VivaZ Cantina serving authentic Mexican cuisine in the grounds of the former Viva Zapata in New Haven

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NEW HAVEN — One of New Haven’s best-known longtime spots for Mexican food, drinks and party vibes is back at 161 Park St., only this time what was once Viva Zapata is a colorful joint owned and run by a native of Mexico with an eye on serving authentic Mexican cuisine and libations.

Although it has a similar vibe and looks on the surface inside, VivaZ Cantina is not the same place as Viva Zapata, which closed at the start of the pandemic.

VivaZ, which opened on Jan. 6 — Three Kings Day — aims to continue to be a great place to hang out and drink margaritas, mojitos, micheladas and more, the owner said.

This new iteration in the space features a few authentic Mexican specialties, such as Costillas en Salsa Verde (Mexican pork ribs in a green tomatillo sauce) and Quesabirria (a spicy beef quesadilla served with beef consommé for dipping) that can be hard to find in other local Mexican restaurants.

“It comes from my heart,” said Lanche, 46, the youngest of eight siblings who grew up in Hidalgo, north of Mexico City in central Mexico.

He has lived in New Haven for many years and has been involved in the restaurant business for much of that time. He completed the culinary arts program at Gateway Community College and was previously a chef for Lindley Food Service, which prepared both school lunches and menus for senior centers, among other things.

At VivaZ Cantina, “I want to introduce people to food and my culture,” Lanche said.

Other VivaZ specialties include Chicken Mole Poblano – prepared by cooks in Puebla, Mexico – an authentic Chili Relleno and Tacos al Pastor topped with pineapple slices, as well as Cemitas (giant Mexican sandwiches).

Your food also comes with fresh homemade corn tortillas, freshly made daily on a flat tray out back by Lanche’s sister, Dora Lanche.

And you can always grab cold drinks at the bar, which is run by Lanche’s nephew, Robert Lanche, who grew up in West Haven.

“The menu is basically what I like,” said Bernardino Lanche as Mexican Norteño music from Los Cardinales de Nuevo Leon played in the background. Some of the recipes came from his grandmother, he said.

Lanche said he plans to expand the next version of the menu to add traditional Mexican dishes such as menudo (tripe), posole (hominy soup), Sopa de Mariscos (shellfish soup) and Mexican-style shrimp cocktails. , known as cocteles de camarones, as well as the traditional Mexican horchata (spicy rice drink) and Jamaican (hibiscus drink).

The menu includes several vegetarian dishes, including two varieties of vegetarian quesadillas and zucchini enchiladas, as well as a short list of American specialties. If anyone has special dietary needs, all they need to do is call ahead at 475-238-0664, Lanche said.

Before opening in January, Lanche spent months cleaning the place up and making it shine. He installed a brand new kitchen.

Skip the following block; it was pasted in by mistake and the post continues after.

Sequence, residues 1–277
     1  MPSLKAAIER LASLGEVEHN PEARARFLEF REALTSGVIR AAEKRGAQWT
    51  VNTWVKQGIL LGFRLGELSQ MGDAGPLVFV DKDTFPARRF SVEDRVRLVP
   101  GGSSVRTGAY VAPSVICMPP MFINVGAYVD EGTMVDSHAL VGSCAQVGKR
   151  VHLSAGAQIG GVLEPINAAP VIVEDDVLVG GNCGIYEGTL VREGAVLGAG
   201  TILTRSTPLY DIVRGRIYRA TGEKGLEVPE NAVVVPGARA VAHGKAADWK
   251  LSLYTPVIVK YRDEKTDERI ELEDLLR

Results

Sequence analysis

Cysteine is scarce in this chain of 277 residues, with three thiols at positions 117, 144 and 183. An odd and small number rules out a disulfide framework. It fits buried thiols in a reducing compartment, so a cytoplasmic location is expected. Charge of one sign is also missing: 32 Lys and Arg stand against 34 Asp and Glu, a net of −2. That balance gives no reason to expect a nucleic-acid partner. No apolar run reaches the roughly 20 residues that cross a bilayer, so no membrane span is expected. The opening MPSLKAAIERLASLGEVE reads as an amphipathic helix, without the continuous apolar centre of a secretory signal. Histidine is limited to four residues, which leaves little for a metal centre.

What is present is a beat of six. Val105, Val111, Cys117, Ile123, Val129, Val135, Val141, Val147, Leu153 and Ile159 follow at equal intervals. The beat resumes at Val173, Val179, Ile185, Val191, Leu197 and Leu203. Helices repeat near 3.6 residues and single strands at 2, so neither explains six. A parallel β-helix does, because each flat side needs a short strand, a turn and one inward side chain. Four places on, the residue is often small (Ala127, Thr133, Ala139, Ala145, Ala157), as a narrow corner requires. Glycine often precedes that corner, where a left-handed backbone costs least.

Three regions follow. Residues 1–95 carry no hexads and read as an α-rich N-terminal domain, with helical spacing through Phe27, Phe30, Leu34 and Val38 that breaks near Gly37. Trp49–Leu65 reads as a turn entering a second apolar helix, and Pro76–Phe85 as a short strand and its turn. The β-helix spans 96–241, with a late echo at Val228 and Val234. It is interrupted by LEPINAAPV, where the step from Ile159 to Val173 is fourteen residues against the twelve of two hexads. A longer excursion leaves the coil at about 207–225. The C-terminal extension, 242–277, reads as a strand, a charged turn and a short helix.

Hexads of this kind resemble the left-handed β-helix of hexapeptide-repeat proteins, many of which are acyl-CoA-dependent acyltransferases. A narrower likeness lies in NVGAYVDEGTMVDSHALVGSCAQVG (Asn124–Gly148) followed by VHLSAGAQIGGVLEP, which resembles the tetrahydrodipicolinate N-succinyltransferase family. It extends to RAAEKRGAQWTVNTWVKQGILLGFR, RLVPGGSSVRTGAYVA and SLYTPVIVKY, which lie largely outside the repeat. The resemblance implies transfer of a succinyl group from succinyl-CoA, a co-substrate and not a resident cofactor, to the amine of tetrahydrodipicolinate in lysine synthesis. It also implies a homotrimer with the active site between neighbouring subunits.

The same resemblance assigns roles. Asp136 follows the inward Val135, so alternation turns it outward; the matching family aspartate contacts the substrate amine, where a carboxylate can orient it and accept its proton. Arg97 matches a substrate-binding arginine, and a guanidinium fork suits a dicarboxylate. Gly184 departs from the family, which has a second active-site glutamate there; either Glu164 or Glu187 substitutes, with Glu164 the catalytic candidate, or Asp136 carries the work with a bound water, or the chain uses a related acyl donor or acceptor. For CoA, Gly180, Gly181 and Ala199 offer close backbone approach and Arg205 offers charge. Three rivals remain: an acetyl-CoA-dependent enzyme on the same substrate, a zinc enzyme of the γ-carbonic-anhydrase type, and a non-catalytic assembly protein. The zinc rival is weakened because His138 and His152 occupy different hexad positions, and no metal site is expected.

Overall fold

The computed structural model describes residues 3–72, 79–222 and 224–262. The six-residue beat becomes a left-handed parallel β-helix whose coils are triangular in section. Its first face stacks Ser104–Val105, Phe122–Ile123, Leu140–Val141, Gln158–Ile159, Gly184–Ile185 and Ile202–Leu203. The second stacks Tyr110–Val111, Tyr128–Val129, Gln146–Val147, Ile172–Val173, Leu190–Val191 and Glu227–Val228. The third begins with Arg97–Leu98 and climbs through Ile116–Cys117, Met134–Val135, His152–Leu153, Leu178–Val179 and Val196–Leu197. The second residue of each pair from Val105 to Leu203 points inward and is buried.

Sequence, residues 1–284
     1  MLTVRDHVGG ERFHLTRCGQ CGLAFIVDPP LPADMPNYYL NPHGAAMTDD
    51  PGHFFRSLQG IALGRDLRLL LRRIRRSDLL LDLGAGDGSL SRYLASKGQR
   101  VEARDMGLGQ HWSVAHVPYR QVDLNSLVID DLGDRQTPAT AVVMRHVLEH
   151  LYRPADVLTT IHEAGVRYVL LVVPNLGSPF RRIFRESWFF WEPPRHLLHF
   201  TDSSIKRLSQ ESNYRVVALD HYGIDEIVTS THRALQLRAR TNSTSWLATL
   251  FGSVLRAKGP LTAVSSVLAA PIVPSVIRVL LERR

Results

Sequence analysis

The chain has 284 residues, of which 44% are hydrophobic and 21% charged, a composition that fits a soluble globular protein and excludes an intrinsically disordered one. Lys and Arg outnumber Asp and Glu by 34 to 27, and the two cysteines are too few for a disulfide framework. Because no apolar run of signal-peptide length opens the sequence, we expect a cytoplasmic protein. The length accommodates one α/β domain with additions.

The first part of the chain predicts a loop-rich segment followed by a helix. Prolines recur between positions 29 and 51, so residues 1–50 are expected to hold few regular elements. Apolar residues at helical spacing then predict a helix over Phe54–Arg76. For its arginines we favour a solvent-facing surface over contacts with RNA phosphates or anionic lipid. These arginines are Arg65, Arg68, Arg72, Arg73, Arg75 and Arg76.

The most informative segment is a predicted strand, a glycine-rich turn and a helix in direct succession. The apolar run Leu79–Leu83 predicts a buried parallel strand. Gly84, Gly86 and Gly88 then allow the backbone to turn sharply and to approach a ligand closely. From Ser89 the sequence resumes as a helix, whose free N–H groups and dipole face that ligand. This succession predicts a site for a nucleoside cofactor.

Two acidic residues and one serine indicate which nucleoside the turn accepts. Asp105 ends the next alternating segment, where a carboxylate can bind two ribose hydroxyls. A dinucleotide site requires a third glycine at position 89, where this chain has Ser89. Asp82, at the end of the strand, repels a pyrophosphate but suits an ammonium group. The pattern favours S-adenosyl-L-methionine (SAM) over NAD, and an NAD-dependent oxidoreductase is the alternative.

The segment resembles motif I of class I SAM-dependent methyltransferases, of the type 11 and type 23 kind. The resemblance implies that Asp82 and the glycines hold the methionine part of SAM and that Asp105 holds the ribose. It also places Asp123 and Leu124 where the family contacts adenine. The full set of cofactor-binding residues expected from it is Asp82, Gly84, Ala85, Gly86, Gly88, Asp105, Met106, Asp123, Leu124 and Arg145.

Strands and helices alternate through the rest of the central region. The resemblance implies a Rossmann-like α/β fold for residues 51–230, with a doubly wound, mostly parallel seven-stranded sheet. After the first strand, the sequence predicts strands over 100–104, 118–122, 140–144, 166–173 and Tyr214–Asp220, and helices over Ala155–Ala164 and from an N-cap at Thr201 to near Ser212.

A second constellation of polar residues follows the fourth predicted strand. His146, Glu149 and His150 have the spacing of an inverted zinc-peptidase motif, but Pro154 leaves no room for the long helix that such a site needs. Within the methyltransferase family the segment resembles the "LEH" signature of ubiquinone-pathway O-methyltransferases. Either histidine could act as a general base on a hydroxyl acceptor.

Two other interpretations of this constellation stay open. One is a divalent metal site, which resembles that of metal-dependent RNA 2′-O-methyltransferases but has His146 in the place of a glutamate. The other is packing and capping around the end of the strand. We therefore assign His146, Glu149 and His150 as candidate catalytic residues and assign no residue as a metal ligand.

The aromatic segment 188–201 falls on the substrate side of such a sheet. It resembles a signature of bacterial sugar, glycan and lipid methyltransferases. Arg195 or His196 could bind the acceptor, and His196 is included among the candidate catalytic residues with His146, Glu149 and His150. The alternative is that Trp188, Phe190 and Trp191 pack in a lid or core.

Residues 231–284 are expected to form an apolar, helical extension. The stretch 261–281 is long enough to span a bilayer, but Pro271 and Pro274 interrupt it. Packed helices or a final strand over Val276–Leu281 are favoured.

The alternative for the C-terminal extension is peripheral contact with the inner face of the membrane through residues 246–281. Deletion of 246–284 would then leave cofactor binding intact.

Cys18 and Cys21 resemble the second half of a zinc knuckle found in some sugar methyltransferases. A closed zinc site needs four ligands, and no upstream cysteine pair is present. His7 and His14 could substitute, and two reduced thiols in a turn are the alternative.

He also bought colorful Mexican artwork – some quite large – and hung it on the walls. The artist, Marco Hernandez, is a friend of a friend originally from Guatemala but now living in Mexico, Lanche said.

His friends in the restaurant business warned him not to open in January, but Three Kings Day is one of his favorite holidays. So he just did, and so far it seems to have worked out pretty well, he said.

“It’s going very well, given the pandemic,” Lanche said.

Growing up in Mexico, “I always wanted to open a ‘fonda'” – a type of restaurant where the cook basically decides every day what he wants to cook and the customers come, even without knowing what’s for lunch or dinner, because they know the food will be good no matter what, Lanche said.

As a child, “I used to play at the restaurant,” he says.

Lanche, who moved to the United States with his family in 1993, didn’t have to go too far to find a place to live out his Mexican restaurant dreams: he and her husband, David Cleman, already owned the building as well. than Partners Cafe, the long-running gay bar around the corner at 365 Crown St.

“When I saw the building, I said, ‘Oh yeah, that could be a good restaurant,'” Lanche said.

Lanche had a lot of help getting the restaurant off the ground.

Ruben Lemus, a native of Guatemala who works as a waiter, among other duties, loves the place so far.

“I think it’s great – good food, good people working here, friendly staff – and the food is fantastic,” Lemus said. “It makes you feel like you’re in Mexico!”

Joseph Lanche, 23, has worked in the restaurant business for six years, including at Cascade Banquet Hall in Hamden, Brazzi’s in New Haven and Mecha Noodle Bar in New Haven, where he still works, and is working hard to dream up new cocktails that VivaZ Cantina can serve.

So far, working at VivaZ Cantina “is surreal,” he said.

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